Newspaper of Portland Daily Press, June 18, 1873, Page 2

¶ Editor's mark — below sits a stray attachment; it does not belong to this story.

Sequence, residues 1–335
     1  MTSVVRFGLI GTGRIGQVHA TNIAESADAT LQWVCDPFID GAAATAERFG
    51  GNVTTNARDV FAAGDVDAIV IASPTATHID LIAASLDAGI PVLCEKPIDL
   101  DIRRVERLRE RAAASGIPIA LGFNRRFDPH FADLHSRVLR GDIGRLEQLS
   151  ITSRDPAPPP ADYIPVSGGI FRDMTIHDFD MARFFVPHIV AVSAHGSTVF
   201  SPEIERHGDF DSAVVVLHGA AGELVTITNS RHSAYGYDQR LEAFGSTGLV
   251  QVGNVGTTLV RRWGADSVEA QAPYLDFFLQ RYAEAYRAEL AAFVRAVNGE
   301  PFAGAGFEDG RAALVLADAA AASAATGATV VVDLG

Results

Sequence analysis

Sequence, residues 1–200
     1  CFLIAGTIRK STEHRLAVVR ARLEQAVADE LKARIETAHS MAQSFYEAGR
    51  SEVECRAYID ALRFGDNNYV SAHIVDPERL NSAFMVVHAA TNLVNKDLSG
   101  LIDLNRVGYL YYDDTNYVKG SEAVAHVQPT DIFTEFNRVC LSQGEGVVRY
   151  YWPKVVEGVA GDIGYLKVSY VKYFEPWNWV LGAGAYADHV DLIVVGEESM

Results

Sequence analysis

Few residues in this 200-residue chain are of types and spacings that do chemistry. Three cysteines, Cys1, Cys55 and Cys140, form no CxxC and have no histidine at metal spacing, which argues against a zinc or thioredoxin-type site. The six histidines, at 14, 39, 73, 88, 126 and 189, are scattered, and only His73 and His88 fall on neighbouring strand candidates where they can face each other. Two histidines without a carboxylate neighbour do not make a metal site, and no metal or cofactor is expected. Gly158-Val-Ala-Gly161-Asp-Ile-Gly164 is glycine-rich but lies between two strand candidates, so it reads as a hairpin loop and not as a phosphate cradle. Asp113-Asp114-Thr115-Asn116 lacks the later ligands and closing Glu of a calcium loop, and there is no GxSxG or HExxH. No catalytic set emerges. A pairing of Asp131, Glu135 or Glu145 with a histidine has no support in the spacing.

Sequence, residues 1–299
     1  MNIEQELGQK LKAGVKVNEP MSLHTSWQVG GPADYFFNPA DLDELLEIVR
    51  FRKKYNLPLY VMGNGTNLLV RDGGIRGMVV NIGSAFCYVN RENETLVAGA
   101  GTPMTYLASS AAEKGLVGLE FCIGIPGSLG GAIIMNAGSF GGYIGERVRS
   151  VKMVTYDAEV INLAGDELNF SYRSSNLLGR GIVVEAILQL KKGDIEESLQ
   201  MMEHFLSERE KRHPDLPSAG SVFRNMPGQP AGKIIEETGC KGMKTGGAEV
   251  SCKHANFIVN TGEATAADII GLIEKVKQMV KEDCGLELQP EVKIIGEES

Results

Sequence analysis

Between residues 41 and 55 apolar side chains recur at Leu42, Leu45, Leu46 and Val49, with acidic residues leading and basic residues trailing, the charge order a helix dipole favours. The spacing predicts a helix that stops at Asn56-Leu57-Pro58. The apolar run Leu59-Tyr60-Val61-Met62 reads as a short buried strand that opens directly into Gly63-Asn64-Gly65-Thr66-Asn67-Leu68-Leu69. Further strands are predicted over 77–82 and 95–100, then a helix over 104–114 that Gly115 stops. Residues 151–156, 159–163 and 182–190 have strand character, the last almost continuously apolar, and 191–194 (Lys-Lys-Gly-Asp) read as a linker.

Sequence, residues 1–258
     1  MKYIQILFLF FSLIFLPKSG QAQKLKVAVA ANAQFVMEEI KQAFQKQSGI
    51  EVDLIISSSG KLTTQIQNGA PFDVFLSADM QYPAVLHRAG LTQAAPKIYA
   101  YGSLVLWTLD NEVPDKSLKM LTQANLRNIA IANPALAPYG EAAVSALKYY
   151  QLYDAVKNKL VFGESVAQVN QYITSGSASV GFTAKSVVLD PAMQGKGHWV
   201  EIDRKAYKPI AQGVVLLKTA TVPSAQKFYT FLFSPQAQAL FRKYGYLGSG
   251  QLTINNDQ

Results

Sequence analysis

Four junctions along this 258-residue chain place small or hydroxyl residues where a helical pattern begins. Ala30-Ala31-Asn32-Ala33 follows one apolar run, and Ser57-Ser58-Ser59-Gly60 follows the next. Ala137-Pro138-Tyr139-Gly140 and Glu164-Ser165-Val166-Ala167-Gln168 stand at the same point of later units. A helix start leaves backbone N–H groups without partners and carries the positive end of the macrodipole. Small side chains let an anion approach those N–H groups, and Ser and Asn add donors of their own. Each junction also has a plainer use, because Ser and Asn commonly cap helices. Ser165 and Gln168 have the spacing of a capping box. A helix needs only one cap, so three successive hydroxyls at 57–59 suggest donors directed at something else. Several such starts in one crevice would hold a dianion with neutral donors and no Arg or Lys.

Newspaper of Portland Daily Press dated June 18, 1873 Page 2